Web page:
Healthy Living

Couple Raises Twins with Cystic Fibrosis

Couple Raises Twins with Cystic Fibrosis

There’s a lot for parents to process and prepare for when they have a baby on the way. To find out that twins are coming monumentally adds to the planning necessary for their arrival. For parents to know they’ll be caring for children with a debilitating genetic disease is even more pressure than most people could fathom.

But, that is the reality for the Hively family of Atlanta, Georgia. Amanda Hively and her husband were still processing that they were having twins when they found out at 20 weeks that their twins likely had cystic fibrosis. Though a daunting diagnosis, the Hively family have done a tremendous job of balancing raising two young boys and managing their disease and treatments.

More about CF

Cystic fibrosis (CF) is a genetic disorder that causes abnormal function of the secretory glands, which control body fluids like mucus and sweat. The dysfunction of these glands leads to a buildup of a thick mucus in the organs. This buildup can severely affect lung and pancreas function. In the short term, CF makes someone very susceptible to infections and interferes with digestion. Long term, the mucus buildup can cause severe lung damage, and block breathing to the point of respiratory failure.

Each year, 1,000 people are diagnosed with CF in the United States, and 30,000 people are currently living with the disease. CF is something that a patient is born with; it does not develop over time, nor is there anything you can do to cause or prevent CF from developing. So, more than 75% of people with CF are diagnosed before age two. In the case of CF, being diagnosed as a young child is actually a good thing. The longer that physicians are aware of the diagnosis, the better the symptoms and mucus can be managed and ultimately the long-term effects may be less severe, and a high quality of life may be maintained for a longer period of time.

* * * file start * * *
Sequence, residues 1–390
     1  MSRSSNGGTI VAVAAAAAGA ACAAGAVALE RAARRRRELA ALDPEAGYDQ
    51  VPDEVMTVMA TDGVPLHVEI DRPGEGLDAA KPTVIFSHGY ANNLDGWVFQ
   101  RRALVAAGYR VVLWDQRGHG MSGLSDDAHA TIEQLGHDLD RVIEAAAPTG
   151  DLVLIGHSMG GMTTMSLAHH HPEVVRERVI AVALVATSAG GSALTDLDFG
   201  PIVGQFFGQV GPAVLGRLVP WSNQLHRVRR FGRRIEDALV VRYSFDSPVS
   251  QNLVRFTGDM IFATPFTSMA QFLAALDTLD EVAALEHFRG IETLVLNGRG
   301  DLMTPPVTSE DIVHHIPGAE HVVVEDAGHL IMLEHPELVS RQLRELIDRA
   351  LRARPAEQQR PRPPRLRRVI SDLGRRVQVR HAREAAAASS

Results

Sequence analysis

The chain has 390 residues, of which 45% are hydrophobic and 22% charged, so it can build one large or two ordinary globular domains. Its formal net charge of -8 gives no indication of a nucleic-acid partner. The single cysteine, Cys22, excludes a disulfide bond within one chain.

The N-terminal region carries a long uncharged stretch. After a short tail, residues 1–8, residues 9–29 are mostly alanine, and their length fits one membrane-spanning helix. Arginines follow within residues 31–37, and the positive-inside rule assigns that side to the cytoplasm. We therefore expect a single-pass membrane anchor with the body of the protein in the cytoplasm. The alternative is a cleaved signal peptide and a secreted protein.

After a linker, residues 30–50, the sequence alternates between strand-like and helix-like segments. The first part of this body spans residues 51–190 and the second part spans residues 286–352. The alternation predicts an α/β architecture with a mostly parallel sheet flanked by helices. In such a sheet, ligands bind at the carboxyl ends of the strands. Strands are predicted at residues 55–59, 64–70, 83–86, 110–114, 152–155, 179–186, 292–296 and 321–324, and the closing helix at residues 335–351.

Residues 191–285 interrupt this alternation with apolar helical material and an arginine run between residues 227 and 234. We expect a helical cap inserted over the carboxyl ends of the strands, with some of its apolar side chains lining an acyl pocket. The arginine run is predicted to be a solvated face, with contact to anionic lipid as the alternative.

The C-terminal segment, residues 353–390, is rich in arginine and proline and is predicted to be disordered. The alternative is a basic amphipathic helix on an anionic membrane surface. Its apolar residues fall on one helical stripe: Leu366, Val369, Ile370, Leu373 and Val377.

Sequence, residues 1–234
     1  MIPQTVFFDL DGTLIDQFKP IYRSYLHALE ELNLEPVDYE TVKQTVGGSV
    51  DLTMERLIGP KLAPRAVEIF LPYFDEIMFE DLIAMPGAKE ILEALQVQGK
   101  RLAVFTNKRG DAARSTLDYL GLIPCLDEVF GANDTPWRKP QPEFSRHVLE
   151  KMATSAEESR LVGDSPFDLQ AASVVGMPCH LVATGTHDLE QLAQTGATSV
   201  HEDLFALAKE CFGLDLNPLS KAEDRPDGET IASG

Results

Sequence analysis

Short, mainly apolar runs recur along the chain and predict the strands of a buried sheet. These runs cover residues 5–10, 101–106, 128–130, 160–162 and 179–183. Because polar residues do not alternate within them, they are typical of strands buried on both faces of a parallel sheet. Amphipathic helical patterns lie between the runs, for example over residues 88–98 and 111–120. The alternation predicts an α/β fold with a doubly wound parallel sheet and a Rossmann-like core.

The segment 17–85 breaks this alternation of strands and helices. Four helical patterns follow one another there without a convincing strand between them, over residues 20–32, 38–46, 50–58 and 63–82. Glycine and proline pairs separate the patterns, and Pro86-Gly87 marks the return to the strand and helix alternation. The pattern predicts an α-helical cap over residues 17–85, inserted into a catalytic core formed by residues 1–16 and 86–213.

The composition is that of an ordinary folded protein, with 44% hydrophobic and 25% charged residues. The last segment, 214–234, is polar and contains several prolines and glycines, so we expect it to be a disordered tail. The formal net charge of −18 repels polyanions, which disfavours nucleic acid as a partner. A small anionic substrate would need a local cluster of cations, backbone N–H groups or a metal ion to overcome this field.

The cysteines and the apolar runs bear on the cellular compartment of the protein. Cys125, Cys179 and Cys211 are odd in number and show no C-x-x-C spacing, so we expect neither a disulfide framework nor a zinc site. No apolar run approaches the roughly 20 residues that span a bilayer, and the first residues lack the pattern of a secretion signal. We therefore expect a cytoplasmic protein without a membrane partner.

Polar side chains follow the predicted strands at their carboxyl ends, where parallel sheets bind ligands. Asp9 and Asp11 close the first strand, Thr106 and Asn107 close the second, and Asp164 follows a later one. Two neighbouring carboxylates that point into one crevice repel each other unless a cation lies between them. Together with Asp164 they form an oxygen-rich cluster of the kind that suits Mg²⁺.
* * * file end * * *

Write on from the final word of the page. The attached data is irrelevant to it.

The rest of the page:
The twins’ diagnosis

As stated, the majority of CF patients are diagnosed as young children. In the case of the Hively twins, physicians recognized the likelihood of CF while still in utero due to digestive problems apparent on the ultrasound. Amanda Hively and her husband were both carriers for CF, so their children each had a 25% chance of being born with the disease.

The first step to diagnosing CF is a blood test or genetic test. If these tests suggest CF, doctors will then conduct a sweat test. This test measures the amount of salt present in sweat. Salty skin is a major symptom of CF. High salt levels, in conjunction with positive blood or genetic test results, indicates CF.

A blood or genetic test is always performed on newborns as part of the newborn screening program to identify chronic diseases. Early detection of CF is extremely important in order to prevent more serious problems later in life.

CF in children

Currently, there is no cure for CF. However, there are many treatments and therapies to reduce the severity of symptoms of CF and prolong a healthy life for patients. Early detection and starting treatment at a young age can improve the quality of life for years to come.

Cystic fibrosis can affect children in many ways. Most notably, perhaps, is its impact on growth. CF can hinder the release of digestive enzymes in the stomach, thus inhibiting the absorption of valuable nutrients. This can negatively impact the growth and development of children, who typically grow at a rapid-fire pace. Research shows that children who are diagnosed and begin treatment early in life have better nutrition than those whose treatment is delayed. Mucus secretions in the lungs also can cause shortness of breath and other asthma-like symptoms. This means they may need to refrain from participating in sports and other activities common to children due to the risks these activities can pose to their health.